The Godfather II was a movie I got to see for the first time in a theater as a result of my aunt’s indulgence. The next time I can remember sitting in the dark and seeing so much in an single picture, I was in my bedroom enjoying my new VCR, finally getting to see a movie she had refused to take me to. In 1973 I had lobbied, unsuccessfully, to see The Exorcist. An unhesitating, and emphatic no. Even with irritating persistence as my default personality trait, I understood immediately that this was a lost cause. I didn’t make even the most perfunctory of attempts to relitigate the matter. There was a copy of the book in the house, and I ended up plowing through it in one long run as I was stuck in bed with an ugly enough virus to cause my mother to actually let me stay home from school. Achieving, what is upon reflection, a ludicrous level of satisfaction from reading the whole thing in one day, I went to sleep with a tremendous headache and a smug sense of importance from having done something I thought of as undeniably grown up. A dozen years later I was settling in to treat myself to the cultural landmark complete in all it’s pea soup vomit glory. As I watched I recalled the corresponding parts of the book and was pleased at how the film delivered on the promise of the novel. So much of what gripped me in the reading was transferred to the screen without adulteration. The horrific manifestations of Regan’s possession were painstakingly reproduced and brutally effective in their attention to detail. The struggle of her mother to maintain her sanity was achingly portrayed by Ellen Burstyn. It was turning into a rare instance of a book that had not been diminished in it’s adaptation to the cinema. At what I would guess is the beginning of the third act, the exorcist, Father Merrin, arrives at the house of the possessed girl. I can still remember the impact of watching him exit the cab he was in. Standing, suitcase in hand, silhouetted by a street lamp, he looks up at the window. Looking at him, taking up such a small piece of the frame but projecting a weighty presence, I had a complete understanding of all that had happened, and was about to happen. It is that picture that so sublimely captures the story and all it’s emotional underpinnings. I was not alone in this impression, as the distributors of the movie had chosen that still frame to feature in it’s promotional material. In the ensuing decades I have never read about, or heard mention of anything even tangentially attached to The Exorcist without thinking of Lancaster Merrin, alone in the Washington D.C. night preparing to do battle with the adversary of everything holy.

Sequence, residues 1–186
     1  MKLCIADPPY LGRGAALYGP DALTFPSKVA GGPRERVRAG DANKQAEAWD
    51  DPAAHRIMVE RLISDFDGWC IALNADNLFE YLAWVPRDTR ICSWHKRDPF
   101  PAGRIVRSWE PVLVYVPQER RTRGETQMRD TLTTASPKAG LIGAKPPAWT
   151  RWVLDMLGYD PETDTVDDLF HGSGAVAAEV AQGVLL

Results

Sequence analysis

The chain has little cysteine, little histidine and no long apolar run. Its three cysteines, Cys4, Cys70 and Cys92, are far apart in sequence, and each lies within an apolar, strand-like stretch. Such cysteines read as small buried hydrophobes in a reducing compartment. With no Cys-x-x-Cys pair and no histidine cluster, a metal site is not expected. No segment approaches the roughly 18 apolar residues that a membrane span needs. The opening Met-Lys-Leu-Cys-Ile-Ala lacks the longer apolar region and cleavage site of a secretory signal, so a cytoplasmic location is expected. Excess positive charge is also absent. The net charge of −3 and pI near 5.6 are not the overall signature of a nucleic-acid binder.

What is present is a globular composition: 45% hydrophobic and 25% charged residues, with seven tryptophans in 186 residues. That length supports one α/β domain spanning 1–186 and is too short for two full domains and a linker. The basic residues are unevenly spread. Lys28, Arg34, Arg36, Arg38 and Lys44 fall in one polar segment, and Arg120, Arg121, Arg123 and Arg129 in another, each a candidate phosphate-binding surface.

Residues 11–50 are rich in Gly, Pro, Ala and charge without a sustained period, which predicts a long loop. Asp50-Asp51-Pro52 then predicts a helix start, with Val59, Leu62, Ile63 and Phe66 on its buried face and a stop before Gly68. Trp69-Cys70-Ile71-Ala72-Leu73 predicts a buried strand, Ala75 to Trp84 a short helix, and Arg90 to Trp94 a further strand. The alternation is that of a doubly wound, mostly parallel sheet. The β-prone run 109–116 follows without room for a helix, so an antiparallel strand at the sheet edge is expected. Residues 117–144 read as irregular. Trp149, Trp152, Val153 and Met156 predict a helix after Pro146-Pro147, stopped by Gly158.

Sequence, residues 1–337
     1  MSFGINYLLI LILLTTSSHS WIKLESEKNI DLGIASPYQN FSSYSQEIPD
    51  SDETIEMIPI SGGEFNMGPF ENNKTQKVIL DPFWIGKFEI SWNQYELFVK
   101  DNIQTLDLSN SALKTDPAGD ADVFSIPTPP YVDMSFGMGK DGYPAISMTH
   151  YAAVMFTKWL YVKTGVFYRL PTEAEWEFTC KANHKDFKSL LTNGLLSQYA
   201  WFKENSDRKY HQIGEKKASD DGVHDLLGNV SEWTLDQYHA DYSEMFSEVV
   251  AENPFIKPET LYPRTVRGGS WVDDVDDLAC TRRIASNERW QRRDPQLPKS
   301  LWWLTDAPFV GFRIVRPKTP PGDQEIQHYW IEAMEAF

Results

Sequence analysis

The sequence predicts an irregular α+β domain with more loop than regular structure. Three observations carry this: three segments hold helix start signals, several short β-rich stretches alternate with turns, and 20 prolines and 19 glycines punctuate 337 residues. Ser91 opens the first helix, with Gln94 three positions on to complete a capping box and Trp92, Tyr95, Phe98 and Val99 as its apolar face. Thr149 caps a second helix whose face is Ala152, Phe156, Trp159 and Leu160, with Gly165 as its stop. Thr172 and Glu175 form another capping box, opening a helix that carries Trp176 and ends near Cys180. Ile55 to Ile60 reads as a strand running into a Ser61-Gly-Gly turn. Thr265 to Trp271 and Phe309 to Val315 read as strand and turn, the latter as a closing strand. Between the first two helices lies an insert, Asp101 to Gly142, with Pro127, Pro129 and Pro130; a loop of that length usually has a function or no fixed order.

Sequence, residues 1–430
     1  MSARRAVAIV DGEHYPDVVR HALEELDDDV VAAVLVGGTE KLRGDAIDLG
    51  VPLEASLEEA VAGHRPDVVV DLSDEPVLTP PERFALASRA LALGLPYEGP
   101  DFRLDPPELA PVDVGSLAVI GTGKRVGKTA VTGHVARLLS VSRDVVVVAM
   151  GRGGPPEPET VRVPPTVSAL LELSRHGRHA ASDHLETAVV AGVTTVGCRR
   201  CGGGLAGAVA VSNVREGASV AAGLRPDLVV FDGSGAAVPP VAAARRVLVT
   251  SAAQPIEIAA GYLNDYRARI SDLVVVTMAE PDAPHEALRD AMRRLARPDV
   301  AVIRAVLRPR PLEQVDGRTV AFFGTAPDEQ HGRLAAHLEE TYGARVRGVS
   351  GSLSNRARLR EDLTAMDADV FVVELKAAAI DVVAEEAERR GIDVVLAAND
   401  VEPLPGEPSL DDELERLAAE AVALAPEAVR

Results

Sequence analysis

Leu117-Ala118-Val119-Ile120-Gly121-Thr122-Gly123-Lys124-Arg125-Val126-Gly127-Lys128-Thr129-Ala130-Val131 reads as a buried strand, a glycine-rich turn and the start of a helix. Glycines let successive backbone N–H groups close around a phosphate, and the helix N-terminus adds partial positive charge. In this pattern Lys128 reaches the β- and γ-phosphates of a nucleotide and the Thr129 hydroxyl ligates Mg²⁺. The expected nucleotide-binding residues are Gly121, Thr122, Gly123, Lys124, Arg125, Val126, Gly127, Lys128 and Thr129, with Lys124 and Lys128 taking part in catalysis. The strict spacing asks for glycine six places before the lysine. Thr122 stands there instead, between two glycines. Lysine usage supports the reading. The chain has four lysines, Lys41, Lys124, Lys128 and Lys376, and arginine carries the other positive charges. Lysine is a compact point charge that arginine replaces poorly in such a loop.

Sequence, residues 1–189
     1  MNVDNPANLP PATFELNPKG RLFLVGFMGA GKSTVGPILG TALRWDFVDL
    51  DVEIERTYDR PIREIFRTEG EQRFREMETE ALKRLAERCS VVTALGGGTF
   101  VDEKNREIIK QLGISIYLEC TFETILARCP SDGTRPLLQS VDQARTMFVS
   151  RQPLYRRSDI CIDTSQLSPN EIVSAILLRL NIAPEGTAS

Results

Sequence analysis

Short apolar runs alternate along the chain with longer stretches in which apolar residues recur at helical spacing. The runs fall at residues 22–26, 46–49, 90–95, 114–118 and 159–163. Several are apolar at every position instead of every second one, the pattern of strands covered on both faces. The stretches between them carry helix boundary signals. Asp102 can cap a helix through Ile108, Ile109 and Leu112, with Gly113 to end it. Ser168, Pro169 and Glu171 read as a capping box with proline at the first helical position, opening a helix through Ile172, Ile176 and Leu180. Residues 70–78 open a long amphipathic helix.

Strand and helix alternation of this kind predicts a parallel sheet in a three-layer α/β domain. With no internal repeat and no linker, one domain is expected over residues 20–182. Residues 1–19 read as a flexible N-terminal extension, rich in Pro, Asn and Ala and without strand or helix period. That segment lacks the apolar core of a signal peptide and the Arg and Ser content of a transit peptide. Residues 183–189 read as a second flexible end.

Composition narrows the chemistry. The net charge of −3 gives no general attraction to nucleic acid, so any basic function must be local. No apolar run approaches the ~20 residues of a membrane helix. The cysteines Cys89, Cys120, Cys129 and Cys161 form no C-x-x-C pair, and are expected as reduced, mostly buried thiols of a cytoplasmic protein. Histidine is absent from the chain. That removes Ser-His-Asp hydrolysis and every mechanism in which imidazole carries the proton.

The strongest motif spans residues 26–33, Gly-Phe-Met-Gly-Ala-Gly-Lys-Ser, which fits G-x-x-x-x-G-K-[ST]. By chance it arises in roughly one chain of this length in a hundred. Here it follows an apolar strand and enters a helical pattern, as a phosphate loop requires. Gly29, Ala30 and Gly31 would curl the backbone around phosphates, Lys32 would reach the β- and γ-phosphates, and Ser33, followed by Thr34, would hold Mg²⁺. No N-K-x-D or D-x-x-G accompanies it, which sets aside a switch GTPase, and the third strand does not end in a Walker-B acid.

The last time I was lucky enough to be captivated in quite that fashion was the first time I watched Saving Private Ryan. Again I was completely immersed in a masterwork from a master artist. Starting with, what was in my opinion, the most staggeringly effective battle scene ever staged, and continuing throughout the search for the titular James Ryan, I sat spellbound. The film was an epic achievement. I still marvel at the way a story which is populated almost entirely by men of a similar age and mode of dress was written and performed so strongly that each character created a distinct impression on me which I carry with me to this day. Released on my birthday (July 24th) in the summer of 1998 not a year has passed without my watching it since then. In short I could speak, or write, for hours concerning the picture and barely scratch the surface of how powerfully this work of art has resonated for me. With all that, if someone were to ask me what the defining moment of the movie is I could answer without any hesitation. Before the final confrontation we have a chance to see the men, in various groupings, preparing for the battle. In a frame that I could not find posted anywhere but my memory, Mellish, Reiben and Horvath are sitting together on the stoop of a partially demolished building, listening to Upham translate the recording of Edith Piaf they have been listening to. The image is surprisingly beautiful, with the men lit by the soft afternoon sun, smiling in a way which seems to be in denial of the carnage that awaits them. As I watched them, I was struck by the contradiction their faces presented when compared with what they knew was heading towards them. More than anything else, that tableaux has become emblematic of the movie for me. A group of men who’ve had a fairly consistent level of internal conflict are sharing a distraction, not to pretend that all is well, but perhaps to tacitly acknowledge what is about to happen by enjoying what they surely understand may well be the last brief moment of peace in their lives. Weary, dirty, possibly facing death, they laugh together, still alive in that laughter. Quite the picture.